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Editorial: Homing in on possible life in the heavens

For the first time, astronomers have discovered seven Earth-size planets orbiting a nearby star — and these new worlds could hold life. | Artists impression via Getty Images

Follow @csteditorialsIs there life elsewhere in the universe?

A good bet says, yes, there must be, given the unfathomable number of planets circling an unfathomable number of stars in an unfathomable number of galaxies.

But to actually detect convincing evidence of life elsewhere — never did we consider that possible in our lifetimes. Then again, we are not astrophysicists, for whom 40 light years is a stroll to the neighbors and a faint speck of light can reveal the composition of a planet’s atmosphere.


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Now, as reported Wednesday, scientists have discovered seven Earth-size planets circling a small and relatively close star, each potentially capable of having liquid water and therefore life. Better yet, the scientists say, they should be able to pick up chemical signals, such as oxygen and methane, of living organisms.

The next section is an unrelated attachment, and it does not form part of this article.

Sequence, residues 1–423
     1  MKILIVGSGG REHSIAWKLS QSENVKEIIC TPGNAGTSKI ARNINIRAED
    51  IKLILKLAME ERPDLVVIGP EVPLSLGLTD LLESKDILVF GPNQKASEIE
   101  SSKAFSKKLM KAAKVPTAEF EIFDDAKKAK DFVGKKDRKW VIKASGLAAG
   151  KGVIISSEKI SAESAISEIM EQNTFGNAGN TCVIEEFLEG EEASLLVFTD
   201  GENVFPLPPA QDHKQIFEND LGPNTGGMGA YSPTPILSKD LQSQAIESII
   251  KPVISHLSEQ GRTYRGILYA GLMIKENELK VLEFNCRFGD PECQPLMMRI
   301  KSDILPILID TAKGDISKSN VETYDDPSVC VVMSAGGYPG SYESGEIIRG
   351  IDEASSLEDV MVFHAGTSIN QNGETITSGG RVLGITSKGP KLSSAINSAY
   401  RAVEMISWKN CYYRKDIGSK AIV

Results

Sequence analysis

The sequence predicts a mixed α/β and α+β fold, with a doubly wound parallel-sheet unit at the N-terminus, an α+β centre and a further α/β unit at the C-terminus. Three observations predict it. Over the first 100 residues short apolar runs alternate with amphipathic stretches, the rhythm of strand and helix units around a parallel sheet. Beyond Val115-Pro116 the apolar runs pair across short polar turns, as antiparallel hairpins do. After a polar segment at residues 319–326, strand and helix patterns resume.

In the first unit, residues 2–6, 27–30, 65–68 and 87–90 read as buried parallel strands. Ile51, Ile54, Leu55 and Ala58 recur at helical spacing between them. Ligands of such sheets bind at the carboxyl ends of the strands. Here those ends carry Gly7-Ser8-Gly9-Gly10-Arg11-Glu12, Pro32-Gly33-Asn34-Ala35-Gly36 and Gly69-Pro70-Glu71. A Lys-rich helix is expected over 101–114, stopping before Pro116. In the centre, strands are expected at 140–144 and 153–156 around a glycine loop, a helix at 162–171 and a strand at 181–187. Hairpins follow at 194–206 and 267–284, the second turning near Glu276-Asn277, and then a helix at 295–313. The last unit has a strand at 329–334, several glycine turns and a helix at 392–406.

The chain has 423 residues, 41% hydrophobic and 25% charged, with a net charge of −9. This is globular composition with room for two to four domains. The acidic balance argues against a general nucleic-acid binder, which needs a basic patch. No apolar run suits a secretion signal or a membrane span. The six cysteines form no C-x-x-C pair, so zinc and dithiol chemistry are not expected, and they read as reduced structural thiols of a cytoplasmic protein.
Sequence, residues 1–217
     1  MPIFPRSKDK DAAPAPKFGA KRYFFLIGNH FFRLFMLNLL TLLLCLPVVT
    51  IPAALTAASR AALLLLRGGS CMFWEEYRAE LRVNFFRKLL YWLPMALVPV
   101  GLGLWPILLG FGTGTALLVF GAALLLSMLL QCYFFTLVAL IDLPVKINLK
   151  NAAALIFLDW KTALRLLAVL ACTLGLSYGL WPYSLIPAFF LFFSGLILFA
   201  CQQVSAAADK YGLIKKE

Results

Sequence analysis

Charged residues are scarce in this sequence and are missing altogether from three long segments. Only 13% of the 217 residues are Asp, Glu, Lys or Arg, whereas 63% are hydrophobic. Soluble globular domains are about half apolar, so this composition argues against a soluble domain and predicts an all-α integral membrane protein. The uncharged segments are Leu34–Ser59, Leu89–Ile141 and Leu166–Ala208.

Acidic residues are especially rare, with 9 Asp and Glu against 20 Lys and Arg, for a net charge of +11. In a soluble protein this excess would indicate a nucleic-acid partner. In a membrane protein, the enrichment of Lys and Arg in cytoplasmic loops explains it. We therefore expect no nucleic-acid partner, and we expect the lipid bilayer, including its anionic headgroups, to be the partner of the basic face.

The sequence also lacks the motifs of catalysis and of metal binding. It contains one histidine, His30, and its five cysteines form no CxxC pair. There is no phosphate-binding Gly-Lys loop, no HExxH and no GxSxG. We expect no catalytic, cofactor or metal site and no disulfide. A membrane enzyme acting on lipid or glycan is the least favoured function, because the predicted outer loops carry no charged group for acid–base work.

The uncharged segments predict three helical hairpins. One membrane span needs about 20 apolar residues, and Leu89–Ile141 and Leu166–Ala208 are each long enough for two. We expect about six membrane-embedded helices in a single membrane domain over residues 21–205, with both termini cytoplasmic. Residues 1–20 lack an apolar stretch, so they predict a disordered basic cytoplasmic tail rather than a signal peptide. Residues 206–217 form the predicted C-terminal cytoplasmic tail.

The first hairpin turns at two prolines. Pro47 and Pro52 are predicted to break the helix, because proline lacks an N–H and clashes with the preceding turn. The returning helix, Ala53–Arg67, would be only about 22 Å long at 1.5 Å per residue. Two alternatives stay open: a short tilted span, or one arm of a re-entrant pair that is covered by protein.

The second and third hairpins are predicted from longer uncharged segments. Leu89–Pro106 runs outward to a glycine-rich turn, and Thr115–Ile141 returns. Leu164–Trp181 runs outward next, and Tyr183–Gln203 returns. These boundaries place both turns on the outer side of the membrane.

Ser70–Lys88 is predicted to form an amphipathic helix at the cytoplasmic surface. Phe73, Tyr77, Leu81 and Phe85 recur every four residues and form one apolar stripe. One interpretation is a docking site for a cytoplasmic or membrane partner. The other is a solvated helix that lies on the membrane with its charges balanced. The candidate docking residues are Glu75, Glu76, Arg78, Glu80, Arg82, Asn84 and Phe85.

The implications of such a discovery would be profound, reordering our sense of place in the universe. We’ll leave the details to philosophers and theologians.

But when scientists begin to hone in on one of the most fundamental questions of human existence — Are we alone? — we would be remiss if we did not at least say, “Wow.”

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